As Artaban sheltered in a doorway and could hear the sound of crying from inside the house. He pushed his way past the door and saw the frightened mother screening something with her body. She had hidden her child from the soldiers and was afraid they might return. Artaban comforted her and when later a soldier did look in, Artaban stood in front of the mother with his arms raised. Not wishing to risk his own life in a struggle with a man, the soldier left and soon they could hear the sound of retreating troops. The mother had saved her boy but was still very upset by the damage done to her poor home by the soldiers’ search for him. Again, Artaban comforted her, this time by giving her the ruby which was to have been part of his gift for the Christ-child of Bethlehem. With this she had the money to build a new home and a new life for her son.


When Artaban reached Bethlehem, he found his way to Joseph‘s family home, but was told that Joseph, Mary and the baby had left shortly after his friends had visited, bringing their gifts of gold, frankincense and myrrh. The family was on their way to Gaza and the Via Maris, the Great ‘Sea Road’ to Egypt. Joseph had been warned in a dream of the danger from Herod, as had his friends, who had also set off in the opposite direction from Jerusalem, intending to return to Babylon via the Great Road to the North, via Damascus and Nineveh, to avoid Herod and his soldiers. Although Jesus’ refugee family had left behind the gifts of Melchior, Caspar and Balthasar, fearing what might happen if they were caught carrying them in Gaza, Artaban decided he would take the pearl with him in the hope that it may be of some use to them on their return to Galilee, as Joseph’s family told him they did not intend to return to Bethlehem until Herod was dead, though they wouldn’t tell him exactly where the family would be living. In any case, the pearl was small enough to be carefully hidden in the babe’s ‘swaddling clothes’. So, Artaban thanked Joseph’s family, hoping to catch up with the refugees on the road south to Egypt and then turn northwards after his friends. However, he could not find the family in Gaza, and though he followed the road all the way to the Nile, there was no sign of them anywhere in Egypt.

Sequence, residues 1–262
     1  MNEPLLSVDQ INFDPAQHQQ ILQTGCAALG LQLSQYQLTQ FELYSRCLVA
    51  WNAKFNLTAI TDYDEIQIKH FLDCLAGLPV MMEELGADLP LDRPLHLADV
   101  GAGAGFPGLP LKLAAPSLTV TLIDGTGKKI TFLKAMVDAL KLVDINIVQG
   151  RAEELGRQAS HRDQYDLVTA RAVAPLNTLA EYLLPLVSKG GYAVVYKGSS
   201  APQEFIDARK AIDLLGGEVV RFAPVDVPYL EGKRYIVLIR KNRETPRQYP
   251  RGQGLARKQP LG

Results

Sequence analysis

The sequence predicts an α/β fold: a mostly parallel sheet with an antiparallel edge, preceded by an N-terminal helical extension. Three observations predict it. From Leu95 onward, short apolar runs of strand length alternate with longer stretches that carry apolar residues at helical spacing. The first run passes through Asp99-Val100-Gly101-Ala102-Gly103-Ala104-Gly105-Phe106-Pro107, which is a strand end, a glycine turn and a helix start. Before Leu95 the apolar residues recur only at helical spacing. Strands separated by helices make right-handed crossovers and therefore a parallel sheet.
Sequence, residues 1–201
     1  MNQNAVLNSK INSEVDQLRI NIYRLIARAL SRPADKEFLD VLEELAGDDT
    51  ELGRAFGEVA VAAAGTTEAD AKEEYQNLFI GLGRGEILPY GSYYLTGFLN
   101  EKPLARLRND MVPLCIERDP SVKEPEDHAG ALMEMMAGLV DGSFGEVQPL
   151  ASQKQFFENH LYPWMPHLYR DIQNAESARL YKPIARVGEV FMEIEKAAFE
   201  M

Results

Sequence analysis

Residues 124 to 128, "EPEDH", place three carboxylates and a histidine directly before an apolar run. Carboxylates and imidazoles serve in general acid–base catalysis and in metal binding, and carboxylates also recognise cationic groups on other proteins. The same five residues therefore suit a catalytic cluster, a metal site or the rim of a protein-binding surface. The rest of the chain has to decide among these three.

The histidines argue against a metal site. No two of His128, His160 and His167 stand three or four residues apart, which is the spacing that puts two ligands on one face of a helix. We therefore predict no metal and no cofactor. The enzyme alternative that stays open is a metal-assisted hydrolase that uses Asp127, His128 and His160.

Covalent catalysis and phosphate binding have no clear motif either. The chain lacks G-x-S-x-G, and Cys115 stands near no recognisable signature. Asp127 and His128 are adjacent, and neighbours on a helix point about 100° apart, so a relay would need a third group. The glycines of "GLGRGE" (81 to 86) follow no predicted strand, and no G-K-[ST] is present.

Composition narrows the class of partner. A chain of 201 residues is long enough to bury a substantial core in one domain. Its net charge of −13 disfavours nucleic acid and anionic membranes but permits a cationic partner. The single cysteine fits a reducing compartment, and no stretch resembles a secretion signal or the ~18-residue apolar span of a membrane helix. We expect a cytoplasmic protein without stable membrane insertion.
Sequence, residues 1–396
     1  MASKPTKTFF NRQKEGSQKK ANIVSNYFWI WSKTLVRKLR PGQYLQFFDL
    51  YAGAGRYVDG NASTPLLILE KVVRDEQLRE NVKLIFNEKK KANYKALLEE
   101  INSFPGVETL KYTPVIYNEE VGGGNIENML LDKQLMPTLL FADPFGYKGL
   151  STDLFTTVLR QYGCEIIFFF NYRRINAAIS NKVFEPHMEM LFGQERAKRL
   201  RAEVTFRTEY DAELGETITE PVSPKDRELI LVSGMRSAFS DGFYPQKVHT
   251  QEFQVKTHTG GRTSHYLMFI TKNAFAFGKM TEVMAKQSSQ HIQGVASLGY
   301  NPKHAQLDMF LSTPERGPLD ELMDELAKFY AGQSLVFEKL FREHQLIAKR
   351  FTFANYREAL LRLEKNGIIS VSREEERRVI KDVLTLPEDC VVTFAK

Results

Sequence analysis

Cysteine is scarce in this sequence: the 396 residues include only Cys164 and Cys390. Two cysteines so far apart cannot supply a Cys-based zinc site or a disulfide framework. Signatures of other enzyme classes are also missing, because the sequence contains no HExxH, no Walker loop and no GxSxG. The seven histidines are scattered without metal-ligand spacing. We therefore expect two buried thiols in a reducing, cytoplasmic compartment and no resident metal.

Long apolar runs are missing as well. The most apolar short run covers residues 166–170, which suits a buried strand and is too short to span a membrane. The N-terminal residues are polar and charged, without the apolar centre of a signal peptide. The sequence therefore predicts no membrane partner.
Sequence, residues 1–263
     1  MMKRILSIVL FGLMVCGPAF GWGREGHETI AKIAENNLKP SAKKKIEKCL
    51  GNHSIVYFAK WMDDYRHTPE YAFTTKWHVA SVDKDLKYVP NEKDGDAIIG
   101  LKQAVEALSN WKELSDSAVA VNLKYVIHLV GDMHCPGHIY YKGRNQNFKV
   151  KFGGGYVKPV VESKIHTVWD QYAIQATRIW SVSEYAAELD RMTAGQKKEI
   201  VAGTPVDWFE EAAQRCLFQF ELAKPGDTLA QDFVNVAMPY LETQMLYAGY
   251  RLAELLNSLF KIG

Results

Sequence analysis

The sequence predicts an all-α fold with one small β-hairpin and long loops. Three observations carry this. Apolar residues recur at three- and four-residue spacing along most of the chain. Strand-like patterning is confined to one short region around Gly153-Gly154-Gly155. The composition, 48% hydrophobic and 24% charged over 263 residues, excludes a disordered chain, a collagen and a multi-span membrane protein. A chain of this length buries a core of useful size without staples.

Artaban returned to Palestine and searched for the boy king everywhere during the next thirty years, and always hoped to meet him one day and present him with the pearl. Towards the end of his search in Galilee, he began to hear many stories of Jesus’ actions and sayings, but somehow never caught up with him. Then, after thirty-three years had passed, he heard that Jesus had gone to Jerusalem for Passover, with his disciples. He hurried to catch up with the crowds from Galilee, but when he finally arrived in Jerusalem the feast was already happening and there were crowds everywhere. He heard that Jesus had been tried and condemned to death. Could he get to see him just once, perhaps with the aid of the precious pearl?


On the Friday of Passover, just before the Jewish Sabbath, he pushed his way through the crowds towards the street where the condemned criminals carried their crosses up to a hill shaped like a skull, ‘Calvary’. Artaban passed through a crowded square where he found a young child being sold as a slave to pay for his family’s debts. He stood by a heartbroken woman whose boy was just then being offered for sale. As the bidding went on, the woman became more and more distressed. Just as the sale was being made, Artaban stepped forward and gave the mother the pearl with which to buy back her son. Now he had no gift left for Jesus.